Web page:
Silk Road Ensemble Presents World's Musical Instruments

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As the international musical tour Silk Road Ensemble visits UC Berkeley this week, world-renowned cellist Yo-Yo Ma and fellow musicians demonstrated various instruments at Hertz Hall yesterday afternoon.

The demonstration featured some of the most renowned and accomplished musicians in their fields.

Featuring ancient musical instruments from Iran, India, Mongolia and many other parts of the world, the exotic instruments rarely seen in the western world attracted a large audience.

"Most of the instruments I had never heard about or seen before," said third-year UC Berkeley student Hank Hsieh. "It's amazing how they are played and the sounds they make."

Ma is the artistic director of the Silk Road Project, which was created to "study the ebb and flow of diverse artistic ideas," according to a statement Ma made.

"The Silk Road Project hopes to plant the seeds of new artistic and cultural growth and to celebrate living traditions and musical voices throughout the world," the statement continued.

Ted Levin, an associate professor of music at Dartmouth College, introduced the musicians, describing the event as more of a workshop than a concert.

"Workshop is a wonderful word," Levin said. "Workshop gives you license to wing it."

Levin called The Silk Road Ensemble "a group of like-minded individuals exploring music together."

The event opened with Ganbaatar Khongorzul singing urtiin duu, a popular form of entertainment in Mongolia. Its name literally translates to "long song." Ma played accompaniment on the horse-head fiddle.

The song perfectly reflects the Mongolian environment and illustrates the problems with taking a form of music out of its natural environment, Levin said.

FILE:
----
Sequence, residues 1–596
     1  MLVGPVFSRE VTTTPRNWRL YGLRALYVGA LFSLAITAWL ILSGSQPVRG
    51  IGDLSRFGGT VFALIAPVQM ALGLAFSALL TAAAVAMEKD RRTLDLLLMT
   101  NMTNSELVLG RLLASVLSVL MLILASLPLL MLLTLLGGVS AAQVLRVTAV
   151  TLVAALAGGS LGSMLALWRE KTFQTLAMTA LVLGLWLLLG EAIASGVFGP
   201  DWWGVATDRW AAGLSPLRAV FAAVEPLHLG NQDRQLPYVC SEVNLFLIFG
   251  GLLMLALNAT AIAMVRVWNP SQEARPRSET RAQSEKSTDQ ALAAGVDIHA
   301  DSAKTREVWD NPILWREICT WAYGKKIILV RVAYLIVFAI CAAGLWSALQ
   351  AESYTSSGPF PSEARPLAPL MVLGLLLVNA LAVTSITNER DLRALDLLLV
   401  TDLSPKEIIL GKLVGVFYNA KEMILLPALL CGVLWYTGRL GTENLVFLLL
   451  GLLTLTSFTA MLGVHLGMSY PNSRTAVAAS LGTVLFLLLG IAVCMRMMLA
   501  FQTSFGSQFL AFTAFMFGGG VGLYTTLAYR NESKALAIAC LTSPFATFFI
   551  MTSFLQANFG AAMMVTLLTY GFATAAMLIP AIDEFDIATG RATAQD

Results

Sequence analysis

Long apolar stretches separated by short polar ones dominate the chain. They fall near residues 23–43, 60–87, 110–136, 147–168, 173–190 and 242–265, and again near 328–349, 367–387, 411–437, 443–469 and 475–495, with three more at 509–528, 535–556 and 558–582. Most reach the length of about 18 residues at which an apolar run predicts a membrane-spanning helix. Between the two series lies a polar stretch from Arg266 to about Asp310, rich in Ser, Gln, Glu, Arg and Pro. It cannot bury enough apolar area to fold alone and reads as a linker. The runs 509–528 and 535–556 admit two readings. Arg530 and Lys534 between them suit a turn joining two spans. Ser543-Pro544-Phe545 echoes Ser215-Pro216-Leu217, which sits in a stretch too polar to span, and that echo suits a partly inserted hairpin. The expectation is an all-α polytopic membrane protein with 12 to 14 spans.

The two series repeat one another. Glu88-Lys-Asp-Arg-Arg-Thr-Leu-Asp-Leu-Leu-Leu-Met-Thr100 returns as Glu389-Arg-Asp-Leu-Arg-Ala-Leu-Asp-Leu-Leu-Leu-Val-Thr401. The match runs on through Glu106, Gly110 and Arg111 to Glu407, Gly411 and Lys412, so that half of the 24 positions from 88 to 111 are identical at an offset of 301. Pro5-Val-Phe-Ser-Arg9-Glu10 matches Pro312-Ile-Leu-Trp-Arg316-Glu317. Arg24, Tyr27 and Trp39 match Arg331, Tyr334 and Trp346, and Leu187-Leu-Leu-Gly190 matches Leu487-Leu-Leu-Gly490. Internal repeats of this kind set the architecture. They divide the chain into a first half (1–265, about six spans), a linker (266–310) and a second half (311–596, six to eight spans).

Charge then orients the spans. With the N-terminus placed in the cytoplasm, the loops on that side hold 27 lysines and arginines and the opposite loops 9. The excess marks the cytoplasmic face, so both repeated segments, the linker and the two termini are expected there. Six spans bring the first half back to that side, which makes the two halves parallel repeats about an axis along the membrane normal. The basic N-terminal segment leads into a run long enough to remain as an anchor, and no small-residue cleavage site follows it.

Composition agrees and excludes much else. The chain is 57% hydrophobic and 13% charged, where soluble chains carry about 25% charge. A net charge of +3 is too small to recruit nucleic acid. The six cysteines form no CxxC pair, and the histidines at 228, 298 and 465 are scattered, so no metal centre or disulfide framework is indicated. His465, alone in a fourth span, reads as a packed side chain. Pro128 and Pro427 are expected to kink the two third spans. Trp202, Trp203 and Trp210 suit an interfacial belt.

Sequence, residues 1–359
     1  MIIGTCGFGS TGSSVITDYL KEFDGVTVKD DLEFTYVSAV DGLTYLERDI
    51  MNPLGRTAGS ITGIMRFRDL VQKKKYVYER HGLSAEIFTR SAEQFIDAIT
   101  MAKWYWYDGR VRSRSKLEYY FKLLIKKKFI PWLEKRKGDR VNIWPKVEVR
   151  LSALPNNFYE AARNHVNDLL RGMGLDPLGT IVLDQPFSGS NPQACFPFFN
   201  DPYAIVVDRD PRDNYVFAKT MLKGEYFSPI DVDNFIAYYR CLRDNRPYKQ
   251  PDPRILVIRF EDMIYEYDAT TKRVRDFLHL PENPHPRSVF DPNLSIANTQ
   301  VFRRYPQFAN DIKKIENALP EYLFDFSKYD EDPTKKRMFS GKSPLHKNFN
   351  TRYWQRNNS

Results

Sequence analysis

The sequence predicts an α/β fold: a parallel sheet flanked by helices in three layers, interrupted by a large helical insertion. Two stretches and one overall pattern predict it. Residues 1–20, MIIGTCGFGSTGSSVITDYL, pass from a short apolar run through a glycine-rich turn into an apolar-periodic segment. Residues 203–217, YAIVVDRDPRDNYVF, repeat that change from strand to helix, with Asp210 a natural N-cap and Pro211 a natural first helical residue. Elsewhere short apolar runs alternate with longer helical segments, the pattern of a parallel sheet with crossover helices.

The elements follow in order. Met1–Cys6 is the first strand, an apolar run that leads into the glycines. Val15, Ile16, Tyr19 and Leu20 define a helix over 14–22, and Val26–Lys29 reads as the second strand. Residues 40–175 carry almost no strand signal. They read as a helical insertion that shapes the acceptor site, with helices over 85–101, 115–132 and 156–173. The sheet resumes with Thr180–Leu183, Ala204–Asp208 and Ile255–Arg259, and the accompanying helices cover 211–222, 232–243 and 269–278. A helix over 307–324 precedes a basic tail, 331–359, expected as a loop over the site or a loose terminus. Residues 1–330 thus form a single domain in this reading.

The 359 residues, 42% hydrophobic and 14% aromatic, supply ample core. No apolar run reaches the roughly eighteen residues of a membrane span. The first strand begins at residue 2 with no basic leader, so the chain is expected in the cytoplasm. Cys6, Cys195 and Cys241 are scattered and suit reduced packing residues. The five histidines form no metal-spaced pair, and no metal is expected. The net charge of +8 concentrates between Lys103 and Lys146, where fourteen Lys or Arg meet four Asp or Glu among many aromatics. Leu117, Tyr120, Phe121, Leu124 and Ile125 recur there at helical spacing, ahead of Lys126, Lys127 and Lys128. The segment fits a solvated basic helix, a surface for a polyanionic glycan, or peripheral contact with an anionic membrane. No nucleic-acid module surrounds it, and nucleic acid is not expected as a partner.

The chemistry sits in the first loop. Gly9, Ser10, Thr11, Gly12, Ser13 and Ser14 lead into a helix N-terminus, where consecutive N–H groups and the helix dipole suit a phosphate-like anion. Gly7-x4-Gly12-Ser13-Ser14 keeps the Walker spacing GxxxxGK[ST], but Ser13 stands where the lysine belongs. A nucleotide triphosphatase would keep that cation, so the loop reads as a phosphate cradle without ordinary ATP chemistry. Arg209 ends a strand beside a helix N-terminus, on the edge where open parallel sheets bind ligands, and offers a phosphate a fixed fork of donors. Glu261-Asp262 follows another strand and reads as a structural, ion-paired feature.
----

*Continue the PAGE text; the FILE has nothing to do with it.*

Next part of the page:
The demonstration also included ensemble performances that mixed traditional music of the cultures along the Silk Road and western classical instruments.

One such melange featured traditional Chinese instruments and Indian drums with Ma on the cello.

"The purpose is not to create fusion, but to create a way for each instrument to meet, to each have its own voice," Levin said.

This combining of western classical instruments, like the violin and cello, with the traditional instruments of countries such as Armenia, China and Iran, attracted many audience members to the performance.

"It was a really wonderful melding of different cultures," said Peennie Warren, who attended the event. "It reflects the Silk Road, and it's a cross cultural experience."

Levin and Ma also interspersed historical information on the instruments between the musical performances.

Kayhan Kalhor, a composer and kemancheh player, talked about the current musical scene in Iran. Since the revolution, he said, the notion of getting back to traditions has resulted in young people becoming more interested in traditional music.

After an Iranian ensemble played, Ma explained the challenges of adjusting his musical style to the different style of Iranian music.

"It's hard to sit cross-legged while playing the cello," Ma joked. "The challenge is understanding the scale."

The finale featured a piece that was composed a week ago while the ensemble was in France.

"It's an example of how a little melodic kernel gets used and embellished on to create a multilingual piece," Levin said.

Ma and the ensemble played later that night at Zellerbach, entertaining a sold-out crowd.

Similar to the lecture, the concert included several examples of traditional Eastern music as well as a piano trio piece that was composed by French composer Maurice Ravel.

After a standing ovation, Ma and several other Ensemble players performed two impromptu pieces closing with Khongorzul, who also was the opening singer of the evening.

The ensemble exited after a second standing ovation.


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